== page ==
“When you look back on those movies now, you know, I’m still proud of them, and they were decent films,” Jenkins shared in our interview. “But I wasn’t a good filmmaker back then. I really wasn’t. I realized after my second movie — I sent it to my mentor. I think this is true of everybody in any business that the key is really to surround yourself with people who are way better than you are.”
Over the course of our conversation, Jenkins credited his mentor with his improvement. His mentor sent important movies, source books, instructions and more that would round out his education in the art of filmmaking. He spent a year devouring them.
It’s something that comes up throughout history: Great people constantly try to surround themselves with people who are better than them, or people who can help them fill in their blind spots. It’s one of the keys to Steve Jobs’s mid-career renaissance. It helped soldiers and statesmen like Ulysses S. Grant and Winston Churchill. And it’s a key for every good entrepreneur. No one is an island.
4. Do everything you can … and then let it go
Blockbuster Video was the first job Jenkins took, and his dad gave him some advice he never forgot: “My dad said to me: if all you do is just your job, you’re going to actually be ahead of most people you’re working with. The majority of people don’t even do their jobs. If you do your job you’re going to be ahead. If you do more than your job, if you look for opportunities to succeed, if you’re doing extra, you’re going to sail through … I think it’s defeatist to say you’re either born with it or you aren’t.”
I suggested you either have that grit or you don’t, but Jenkins disagreed with me. He felt like things changed for him at a certain point in his career when he was faced with certain failure.
Things had been going well and his career was taking off. He had a chance to do movies with a big company called Blumhouse, which had specialized in low-budget horror films that tended to outperform their budget significantly.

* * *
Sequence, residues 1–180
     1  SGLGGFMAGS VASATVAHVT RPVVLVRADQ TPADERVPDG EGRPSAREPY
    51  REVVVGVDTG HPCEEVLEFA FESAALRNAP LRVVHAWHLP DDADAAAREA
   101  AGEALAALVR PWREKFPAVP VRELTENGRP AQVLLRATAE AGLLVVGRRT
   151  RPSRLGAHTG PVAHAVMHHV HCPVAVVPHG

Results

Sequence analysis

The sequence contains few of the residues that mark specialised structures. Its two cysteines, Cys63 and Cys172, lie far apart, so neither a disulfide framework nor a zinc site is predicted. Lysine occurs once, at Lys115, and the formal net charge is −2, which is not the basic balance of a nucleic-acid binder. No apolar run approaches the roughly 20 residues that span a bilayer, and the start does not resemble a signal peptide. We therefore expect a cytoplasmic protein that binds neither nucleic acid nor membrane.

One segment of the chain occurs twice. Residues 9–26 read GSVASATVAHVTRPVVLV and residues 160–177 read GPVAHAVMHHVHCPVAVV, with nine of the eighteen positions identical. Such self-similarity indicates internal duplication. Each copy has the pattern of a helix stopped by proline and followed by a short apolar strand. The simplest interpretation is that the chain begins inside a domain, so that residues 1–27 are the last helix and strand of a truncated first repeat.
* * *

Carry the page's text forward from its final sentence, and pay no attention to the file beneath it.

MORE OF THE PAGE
Blumhouse saw opportunity in faith-based filmmaking to do the same thing. In the meantime Jenkins was working on a movie called The Resurrection of Gavin Stone that was testing very well with audiences, with interest through the roof. But when it came to theaters, it was a flop.
“That night at four o’clock in the morning I was up doing what I’m guessing you have done… someone sent me a Facebook message that said ‘Remember: your job is not to feed the five thousand, your job is only to provide the loaves and fish,’” Jenkins says. “There’s lots of cliches about ‘just focus on what you can do and leave the rest up to the gods or nature or whatever it is.”
His mindset changed. Even though his biggest chance had flopped, Jenkins didn’t stop working. But he was willing to let go of the failure and work in different directions. He produced a small film for a local church that went viral on Facebook, which paved the way for the crowdfunding project that created The Chosen.
They shattered previous crowdfunding records to make the series.
Every creative professional and every business owner has obstacles to get through. The difference in success or failure is how they face them. Dallas Jenkins may be a filmmaker first, but his experience has valuable lessons for entrepreneurs that may be facing similar challenges.